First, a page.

The Future of Computing: SSD

Over the past decade computers have become progressively faster and faster at an astonishing rate. However, one main bottleneck always remained - the hard drive. While hard drive technology advancements such as perpendicular magnetic recording are giving 7200RPM drives performance on par with that of regular 10,000RPM drives, SSDs offer even greater improvements.

Samsung SSD

Solid State Drives have started being offered in new computers and we will be seeing an increasing trend as they come down to a reasonable price (Newegg.com lists a 128GB SSD at 3,800 at the moment). But I'll tell you why I want one now.

SSDs are composed of non-volatile (data remains when there's no power) NAND flash memory and are considerably faster in general when compared to their spindled counterparts. I say in general because SSDs have slower random write speeds due to technical implications of the memory. In addition to being faster than disk drives overall, SSDs benefit from less power consumption, incredible seek/access times (like 0.2 msec for random access compared to ~8ms + latency for a typical 7.2kRPM drive), no time needed for "spin up", lower heat output and are silent and more rugged from no moving parts.

Here's where I and other mobile users would benefit from SSDs: longer battery life and less heat production. More importantly though, your data is safe should you ever drop your laptop. Yeah, you might break the actual computer or crack the motherboard, but need not worry as your precious data is still safe. So far SSDs are sounding just about perfect with the exception of cost.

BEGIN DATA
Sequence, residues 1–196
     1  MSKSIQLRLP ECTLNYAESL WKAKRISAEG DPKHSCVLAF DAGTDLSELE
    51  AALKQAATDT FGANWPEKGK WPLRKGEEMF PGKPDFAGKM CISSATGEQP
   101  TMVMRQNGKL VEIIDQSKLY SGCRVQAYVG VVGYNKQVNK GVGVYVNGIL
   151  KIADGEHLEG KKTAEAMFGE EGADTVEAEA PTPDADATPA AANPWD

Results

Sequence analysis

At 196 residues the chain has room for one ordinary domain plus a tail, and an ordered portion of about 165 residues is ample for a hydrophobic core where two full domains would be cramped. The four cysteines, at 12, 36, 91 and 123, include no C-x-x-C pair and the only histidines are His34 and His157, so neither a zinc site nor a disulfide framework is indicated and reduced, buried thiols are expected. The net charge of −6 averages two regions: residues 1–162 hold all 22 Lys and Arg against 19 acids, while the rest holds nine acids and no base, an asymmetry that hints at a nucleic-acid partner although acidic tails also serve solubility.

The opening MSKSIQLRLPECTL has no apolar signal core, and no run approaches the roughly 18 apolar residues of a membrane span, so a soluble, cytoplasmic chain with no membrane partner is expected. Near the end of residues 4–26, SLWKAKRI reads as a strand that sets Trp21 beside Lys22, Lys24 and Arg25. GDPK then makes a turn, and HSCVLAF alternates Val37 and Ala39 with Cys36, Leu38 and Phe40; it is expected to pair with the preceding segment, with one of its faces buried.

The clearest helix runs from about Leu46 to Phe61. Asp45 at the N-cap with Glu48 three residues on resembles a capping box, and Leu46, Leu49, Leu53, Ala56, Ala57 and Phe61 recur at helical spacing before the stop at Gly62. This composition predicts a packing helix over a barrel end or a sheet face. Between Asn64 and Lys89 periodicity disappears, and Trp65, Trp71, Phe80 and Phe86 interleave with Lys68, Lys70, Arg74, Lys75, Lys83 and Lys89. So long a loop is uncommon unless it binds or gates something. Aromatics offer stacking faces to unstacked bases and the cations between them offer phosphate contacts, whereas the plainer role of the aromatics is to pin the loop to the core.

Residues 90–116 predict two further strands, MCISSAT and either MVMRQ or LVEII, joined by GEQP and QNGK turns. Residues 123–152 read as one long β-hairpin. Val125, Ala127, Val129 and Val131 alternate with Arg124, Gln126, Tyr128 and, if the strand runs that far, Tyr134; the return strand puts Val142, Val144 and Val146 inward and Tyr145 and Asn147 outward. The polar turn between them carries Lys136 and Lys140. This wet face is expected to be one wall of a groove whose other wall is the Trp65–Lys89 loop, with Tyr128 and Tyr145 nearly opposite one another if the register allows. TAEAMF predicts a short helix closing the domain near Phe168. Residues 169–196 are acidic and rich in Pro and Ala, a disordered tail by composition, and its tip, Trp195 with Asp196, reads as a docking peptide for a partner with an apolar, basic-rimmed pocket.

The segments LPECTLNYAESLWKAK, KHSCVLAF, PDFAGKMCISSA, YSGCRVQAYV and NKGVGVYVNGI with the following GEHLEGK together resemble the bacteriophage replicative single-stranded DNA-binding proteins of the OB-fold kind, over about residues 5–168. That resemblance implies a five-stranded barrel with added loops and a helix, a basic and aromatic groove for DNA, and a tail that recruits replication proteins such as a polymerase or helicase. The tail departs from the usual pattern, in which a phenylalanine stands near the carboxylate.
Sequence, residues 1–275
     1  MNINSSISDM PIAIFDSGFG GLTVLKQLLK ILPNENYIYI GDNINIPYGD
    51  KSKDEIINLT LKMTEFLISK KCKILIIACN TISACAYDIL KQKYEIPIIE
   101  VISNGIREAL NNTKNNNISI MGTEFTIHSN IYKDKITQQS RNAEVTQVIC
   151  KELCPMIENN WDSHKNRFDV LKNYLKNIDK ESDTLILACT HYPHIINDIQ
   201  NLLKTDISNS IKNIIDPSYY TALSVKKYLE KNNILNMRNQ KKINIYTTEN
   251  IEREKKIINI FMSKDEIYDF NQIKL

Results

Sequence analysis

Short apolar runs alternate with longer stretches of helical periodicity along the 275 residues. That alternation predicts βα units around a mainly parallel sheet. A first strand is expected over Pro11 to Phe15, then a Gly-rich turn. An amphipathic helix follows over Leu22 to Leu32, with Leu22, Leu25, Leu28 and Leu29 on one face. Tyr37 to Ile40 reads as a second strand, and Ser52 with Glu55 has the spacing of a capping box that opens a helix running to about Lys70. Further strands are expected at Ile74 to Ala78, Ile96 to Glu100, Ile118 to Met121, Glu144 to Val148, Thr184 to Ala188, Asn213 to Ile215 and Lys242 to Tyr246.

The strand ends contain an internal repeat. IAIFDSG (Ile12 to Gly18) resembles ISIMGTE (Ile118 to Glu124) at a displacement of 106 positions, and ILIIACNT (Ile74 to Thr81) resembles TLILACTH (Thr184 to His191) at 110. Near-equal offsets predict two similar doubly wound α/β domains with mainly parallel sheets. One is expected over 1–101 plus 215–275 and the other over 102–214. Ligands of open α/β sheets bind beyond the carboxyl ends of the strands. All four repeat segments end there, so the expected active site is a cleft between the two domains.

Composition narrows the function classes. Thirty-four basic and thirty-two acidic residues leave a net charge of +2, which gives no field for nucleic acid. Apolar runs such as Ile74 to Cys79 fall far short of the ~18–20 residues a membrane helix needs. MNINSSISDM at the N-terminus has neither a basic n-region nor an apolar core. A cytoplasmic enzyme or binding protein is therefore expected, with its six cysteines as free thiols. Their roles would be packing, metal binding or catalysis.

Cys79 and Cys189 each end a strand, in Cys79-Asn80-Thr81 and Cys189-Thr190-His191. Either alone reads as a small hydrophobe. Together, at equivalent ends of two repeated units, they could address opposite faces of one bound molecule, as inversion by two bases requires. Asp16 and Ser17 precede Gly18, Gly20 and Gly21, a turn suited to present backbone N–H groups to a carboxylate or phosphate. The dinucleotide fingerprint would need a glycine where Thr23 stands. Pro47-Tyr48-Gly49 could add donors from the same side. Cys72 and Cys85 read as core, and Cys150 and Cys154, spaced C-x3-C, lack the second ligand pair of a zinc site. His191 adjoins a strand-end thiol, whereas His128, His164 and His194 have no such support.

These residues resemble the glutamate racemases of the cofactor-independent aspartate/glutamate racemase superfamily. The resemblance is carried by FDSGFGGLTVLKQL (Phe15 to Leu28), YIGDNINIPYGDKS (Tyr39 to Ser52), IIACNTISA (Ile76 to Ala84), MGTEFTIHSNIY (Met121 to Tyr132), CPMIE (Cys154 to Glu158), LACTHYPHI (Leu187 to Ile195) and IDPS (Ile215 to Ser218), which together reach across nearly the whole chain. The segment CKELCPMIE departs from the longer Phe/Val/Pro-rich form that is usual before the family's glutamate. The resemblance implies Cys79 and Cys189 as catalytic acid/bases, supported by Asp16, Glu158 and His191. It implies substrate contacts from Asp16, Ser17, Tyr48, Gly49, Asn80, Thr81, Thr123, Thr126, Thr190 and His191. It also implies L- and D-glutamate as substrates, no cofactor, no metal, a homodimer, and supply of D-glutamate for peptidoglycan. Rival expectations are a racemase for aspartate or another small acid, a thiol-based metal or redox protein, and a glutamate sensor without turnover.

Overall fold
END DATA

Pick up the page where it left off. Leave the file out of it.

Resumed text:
Unfortunately like all NAND memory, SSDs have limited write cycles. Higher-end NAND that might be found in current SSDs could perform well up to about 1 million writes, after which your data won't be safe and random memory blocks may just stop responding to write requests. This may mean that the SSD will only last a year for the power user and no more than 3 for the average user. Don't quote me on that though; it's pure speculation based on personal experience with other flash devices and an electrical engineering course I took 3 years ago. Edit: It appears that SSD manufacturers like Adtron are offering 3 year warranties - perhaps a testament to the improvements in modern flash chips?

However, drive lifetime depends heavily on the type of SSD and usage cases, but you get the point. There's a high early adopter risk with SSDs. Regardless, if I found a place that sold Samsung's 64GB SSD (they seem to be only OEM at the moment), not much would be stopping me from buying it, even if it was 1k and even though I don't have 1k.

Samsung recently announced a 1.8-inch SSD boasting sequential write speeds of 100MB/s and read speeds of 120MB/s - that is the definition of stupid fast.

What's better than an SSD? Two. In RAID 0. In your MacBook Pro with the optical drive removed.

To SSD or not to SSD, that is the question.

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"The Future of Computing: SSD" by @Stammy

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